Data backup & Disaster Recovery

The HIPAA Security Rule sets forth the need for robust backup and disaster recovery plans. In order for a healthcare app to meet these requirements, it must have a policy for when and where to back up PHI and other essential data. Data is ideally stored in an offsite or mirrored Cloud facility to maintain uptime. Regularly monitor storage logs.

A disaster recovery plan describes what happens during a threat or attack.

Right to be Forgotten: Data Disposal

Although the term “right to be forgotten” is most often associated with the EU GDPR (a different regulation), HIPAA does require adequate disposal of PHI. In the case of ePHI, healthcare software must have a way to completely overwrite (clear) or purge (degauss) data or destroy (physically) the data or data device in all its forms (including back-up).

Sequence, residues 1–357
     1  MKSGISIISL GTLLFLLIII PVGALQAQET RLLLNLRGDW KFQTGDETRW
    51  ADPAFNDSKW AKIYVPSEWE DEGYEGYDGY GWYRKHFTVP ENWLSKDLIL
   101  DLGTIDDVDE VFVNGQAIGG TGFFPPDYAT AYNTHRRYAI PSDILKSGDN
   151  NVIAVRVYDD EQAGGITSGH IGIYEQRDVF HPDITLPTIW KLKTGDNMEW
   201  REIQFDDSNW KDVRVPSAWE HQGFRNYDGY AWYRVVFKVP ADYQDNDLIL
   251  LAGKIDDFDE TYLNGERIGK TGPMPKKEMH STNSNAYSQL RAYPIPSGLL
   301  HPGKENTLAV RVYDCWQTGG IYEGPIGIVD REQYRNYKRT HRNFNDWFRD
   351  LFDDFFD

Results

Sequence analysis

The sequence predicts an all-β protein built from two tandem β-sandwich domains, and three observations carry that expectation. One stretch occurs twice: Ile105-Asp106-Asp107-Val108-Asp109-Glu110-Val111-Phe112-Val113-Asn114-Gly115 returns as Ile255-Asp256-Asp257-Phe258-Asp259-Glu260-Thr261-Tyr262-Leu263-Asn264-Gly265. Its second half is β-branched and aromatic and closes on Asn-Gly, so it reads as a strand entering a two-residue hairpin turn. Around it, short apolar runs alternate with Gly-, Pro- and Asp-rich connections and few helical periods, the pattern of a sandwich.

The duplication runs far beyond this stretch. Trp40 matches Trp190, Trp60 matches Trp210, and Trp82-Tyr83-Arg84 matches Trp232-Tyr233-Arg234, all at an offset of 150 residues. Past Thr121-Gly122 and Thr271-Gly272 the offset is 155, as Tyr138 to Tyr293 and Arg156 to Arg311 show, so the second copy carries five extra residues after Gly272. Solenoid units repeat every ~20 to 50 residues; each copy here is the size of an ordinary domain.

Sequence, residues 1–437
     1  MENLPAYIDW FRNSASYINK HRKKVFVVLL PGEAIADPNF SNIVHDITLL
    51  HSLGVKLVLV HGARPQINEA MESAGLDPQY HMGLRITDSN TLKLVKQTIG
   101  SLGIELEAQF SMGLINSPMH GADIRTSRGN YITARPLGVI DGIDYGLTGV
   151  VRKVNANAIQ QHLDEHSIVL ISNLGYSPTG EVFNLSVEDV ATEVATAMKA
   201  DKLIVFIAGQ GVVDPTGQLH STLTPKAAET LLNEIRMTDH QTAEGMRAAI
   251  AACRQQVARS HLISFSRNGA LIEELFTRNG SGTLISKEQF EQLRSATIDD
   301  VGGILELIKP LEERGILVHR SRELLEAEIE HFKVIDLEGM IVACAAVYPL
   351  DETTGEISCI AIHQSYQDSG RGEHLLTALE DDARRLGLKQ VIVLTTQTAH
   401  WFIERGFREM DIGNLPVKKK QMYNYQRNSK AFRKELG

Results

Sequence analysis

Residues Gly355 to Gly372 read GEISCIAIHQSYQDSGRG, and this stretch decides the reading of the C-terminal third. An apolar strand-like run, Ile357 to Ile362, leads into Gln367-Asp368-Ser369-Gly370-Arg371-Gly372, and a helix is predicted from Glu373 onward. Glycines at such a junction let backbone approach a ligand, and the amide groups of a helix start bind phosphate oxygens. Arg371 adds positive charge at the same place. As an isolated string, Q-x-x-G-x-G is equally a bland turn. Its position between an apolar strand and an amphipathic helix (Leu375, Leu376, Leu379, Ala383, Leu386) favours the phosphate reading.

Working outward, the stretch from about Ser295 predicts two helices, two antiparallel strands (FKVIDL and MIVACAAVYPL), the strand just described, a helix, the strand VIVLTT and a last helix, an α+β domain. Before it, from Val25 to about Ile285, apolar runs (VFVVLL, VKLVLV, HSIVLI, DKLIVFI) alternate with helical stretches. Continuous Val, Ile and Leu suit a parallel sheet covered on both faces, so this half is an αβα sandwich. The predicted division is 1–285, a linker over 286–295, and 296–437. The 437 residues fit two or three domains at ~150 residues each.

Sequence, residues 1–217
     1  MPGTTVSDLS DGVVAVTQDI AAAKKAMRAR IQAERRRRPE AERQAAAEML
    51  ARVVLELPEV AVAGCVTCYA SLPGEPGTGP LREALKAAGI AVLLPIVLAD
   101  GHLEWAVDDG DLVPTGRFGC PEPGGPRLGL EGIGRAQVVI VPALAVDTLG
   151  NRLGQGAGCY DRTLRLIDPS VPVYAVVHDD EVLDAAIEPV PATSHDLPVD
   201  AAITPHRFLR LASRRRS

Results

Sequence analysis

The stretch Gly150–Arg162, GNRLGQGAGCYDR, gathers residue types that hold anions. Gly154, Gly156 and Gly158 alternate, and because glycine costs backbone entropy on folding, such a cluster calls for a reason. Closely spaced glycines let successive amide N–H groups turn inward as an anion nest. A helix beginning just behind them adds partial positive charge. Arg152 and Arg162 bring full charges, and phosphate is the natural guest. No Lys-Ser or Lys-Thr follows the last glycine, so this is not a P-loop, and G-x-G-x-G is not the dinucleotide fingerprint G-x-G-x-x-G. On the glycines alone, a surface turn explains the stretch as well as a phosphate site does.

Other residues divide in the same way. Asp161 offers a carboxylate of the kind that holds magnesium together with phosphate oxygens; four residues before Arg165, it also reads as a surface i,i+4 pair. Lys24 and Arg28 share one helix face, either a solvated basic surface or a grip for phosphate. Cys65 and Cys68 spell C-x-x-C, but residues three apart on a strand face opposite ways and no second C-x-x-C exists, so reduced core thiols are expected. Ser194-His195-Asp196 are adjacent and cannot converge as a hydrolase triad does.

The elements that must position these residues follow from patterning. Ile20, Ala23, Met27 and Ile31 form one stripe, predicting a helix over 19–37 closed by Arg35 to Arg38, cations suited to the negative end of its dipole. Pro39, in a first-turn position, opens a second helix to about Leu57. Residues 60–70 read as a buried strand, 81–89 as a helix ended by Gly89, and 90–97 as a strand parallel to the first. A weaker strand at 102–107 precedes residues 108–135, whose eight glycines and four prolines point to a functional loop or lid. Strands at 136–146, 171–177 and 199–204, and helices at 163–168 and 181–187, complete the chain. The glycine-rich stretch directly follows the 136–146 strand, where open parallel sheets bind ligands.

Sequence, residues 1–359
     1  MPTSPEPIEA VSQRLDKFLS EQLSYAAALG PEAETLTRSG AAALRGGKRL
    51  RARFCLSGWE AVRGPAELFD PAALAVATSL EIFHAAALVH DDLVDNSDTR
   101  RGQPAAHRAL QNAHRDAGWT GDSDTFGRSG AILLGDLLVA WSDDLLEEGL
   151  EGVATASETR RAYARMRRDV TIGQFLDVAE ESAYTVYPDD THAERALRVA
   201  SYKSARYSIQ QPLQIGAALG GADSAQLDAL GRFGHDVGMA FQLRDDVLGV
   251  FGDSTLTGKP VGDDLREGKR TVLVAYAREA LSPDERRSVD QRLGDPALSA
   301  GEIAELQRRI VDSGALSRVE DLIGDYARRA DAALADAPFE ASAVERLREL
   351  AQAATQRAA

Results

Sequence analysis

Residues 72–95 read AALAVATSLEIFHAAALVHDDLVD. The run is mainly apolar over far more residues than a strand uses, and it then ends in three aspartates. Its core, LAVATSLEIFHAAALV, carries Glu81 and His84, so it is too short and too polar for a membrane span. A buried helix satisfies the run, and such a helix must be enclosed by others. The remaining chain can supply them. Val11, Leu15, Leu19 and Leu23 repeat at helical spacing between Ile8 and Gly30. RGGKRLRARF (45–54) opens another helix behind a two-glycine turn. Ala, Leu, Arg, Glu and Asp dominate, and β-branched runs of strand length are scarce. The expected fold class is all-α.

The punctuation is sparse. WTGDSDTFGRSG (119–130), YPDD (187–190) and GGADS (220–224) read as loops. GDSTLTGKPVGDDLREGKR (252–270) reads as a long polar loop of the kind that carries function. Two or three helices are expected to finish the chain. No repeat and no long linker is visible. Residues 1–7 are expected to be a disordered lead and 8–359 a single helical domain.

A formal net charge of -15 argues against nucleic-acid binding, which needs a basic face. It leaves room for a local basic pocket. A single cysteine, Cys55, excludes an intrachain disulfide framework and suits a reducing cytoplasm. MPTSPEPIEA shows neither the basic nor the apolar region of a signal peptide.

Access Controls

HIPAA requires that not only do you store the least amount of information but that you implement controls around Access Management to limit access of PHI to only those authorized to see or use it. When mHealth app store data between patient and physician, or between different users in a healthcare setting, these practices should apply.

Healthcare apps should include the following:

  • Unique user identification (one login per user)
  • Automatic log off
  • Emergency access to data (if ePHI needs to be accessed by a health provider, known as Emergency Mode)
  • Encryption
  • Strong authentication (see below)